Holness bats for food security at FAO conference
Prime Minister Andrew Holness yesterday outlined three areas of action, which he described as critical to combating hunger, food security, malnutrition, rural development, climate resilience and sustainable agriculture in the Latin America and Caribbean region.
Holness outlined the three areas while giving the keynote address at the official opening ceremony for the four-day 35th Session of the FAO Regional Conference for Latin America and the Caribbean, which concludes today at the Montego Bay Convention Centre in St James.
According to Holness, a core component of improving the well-being and quality of life of citizens in the region is food security. He noted that for the first time in two decades, hunger is on the rise in the region. He also argued that sustained growth and development could not be achieved in the region with that trend.
"I would like to posit three areas of action that are critical as we seek to address hunger and malnutrition, rural development and climate resilience, and sustainable agriculture," said Holness. "The first (action) is that of energy security and food security. It is a well-known fact that high energy cost is a barrier to increased growth and competitiveness in many sectors including agriculture."
In explaining the negative effect of issues - such as climate change, high energy cost and increasing food import bills, on the region's food security - the Prime Minister argued that the region was at a critical juncture that required the time to plan, address the challenges, and identify solutions.
The prime minister's suggestion, which came against the background of the main focus of the four-day conference that is focused on regional issues such as hunger, food security and obesity, tied energy security and food security together.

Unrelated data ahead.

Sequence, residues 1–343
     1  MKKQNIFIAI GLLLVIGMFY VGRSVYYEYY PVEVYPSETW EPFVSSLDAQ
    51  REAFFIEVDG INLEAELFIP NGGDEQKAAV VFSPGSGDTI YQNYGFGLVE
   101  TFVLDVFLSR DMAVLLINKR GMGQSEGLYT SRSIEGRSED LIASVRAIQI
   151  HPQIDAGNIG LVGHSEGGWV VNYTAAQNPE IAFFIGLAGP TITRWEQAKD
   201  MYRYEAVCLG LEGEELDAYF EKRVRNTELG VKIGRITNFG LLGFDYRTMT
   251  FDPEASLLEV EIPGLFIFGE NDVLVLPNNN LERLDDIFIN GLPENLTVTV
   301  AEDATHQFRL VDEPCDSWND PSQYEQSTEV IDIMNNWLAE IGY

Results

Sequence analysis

Holness said Jamaica was currently pursuing efforts to develop a diverse energy ecosystem that was environmentally friendly and affordable. He added that the possibility within the agricultural sector greatly increased, when electricity and other energy related cost were less volatile, which was particularly important for rural development.
'Agri sector must embrace technology'
Prime Minister Andrew Holness has said that the agricultural sector must embrace technology, noting that there was still heavy reliance on manual processes in agriculture across the region. He posited that the region must continue to appreciate the exponential value that could be created when agricultural techniques and processes were infused with technology.
Holness identified technology as one of three actions required to address hunger and malnutrition and promote sustainable agriculture. Technology, he argued, was particularly important in the face of climate change and its effects being experienced across the region.
"The third action is promoting partnerships to maximise food production," said Holness. "As we seek to modernise our food production processes to address hunger and malnutrition, to promote rural development, and to be climate resilient for greater and lasting impact, the power of partnerships is a necessity."
The prime minister opined that with tourism a significant industry in many of the economies of the region, the need is there to improve the linkages with that industry and others, including agriculture. He said the region is at a crossroad in terms of food security, but the emerging trend of rising hunger, obesity, and non-communicable diseases must be reversed.